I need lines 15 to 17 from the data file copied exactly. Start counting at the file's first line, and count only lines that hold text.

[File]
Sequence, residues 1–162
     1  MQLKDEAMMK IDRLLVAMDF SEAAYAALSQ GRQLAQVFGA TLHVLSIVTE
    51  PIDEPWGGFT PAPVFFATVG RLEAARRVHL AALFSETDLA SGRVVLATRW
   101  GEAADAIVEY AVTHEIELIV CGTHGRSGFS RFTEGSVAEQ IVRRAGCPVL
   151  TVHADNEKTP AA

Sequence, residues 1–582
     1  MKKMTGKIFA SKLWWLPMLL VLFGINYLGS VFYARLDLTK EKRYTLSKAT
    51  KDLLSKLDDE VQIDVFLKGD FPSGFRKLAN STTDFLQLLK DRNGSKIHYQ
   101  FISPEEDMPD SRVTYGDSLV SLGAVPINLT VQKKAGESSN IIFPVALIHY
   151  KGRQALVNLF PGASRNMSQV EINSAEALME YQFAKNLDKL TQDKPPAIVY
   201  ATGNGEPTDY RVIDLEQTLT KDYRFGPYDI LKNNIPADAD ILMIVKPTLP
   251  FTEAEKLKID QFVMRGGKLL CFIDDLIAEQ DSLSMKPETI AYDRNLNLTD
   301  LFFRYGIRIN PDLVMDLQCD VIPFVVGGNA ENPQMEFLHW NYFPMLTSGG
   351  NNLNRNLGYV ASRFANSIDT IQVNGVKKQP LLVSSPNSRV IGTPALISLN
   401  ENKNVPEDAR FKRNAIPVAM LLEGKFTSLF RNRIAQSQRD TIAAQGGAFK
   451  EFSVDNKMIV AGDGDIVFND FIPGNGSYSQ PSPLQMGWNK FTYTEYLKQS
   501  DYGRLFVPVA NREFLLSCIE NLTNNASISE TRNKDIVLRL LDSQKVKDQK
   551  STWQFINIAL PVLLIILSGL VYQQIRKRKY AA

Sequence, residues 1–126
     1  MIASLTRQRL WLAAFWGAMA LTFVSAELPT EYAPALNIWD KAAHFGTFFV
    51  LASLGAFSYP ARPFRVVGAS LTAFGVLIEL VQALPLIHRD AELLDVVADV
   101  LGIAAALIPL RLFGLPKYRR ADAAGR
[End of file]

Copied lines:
   401  ENKNVPEDAR FKRNAIPVAM LLEGKFTSLF RNRIAQSQRD TIAAQGGAFK
   451  EFSVDNKMIV AGDGDIVFND FIPGNGSYSQ PSPLQMGWNK FTYTEYLKQS
   501  DYGRLFVPVA NREFLLSCIE NLTNNASISE TRNKDIVLRL LDSQKVKDQK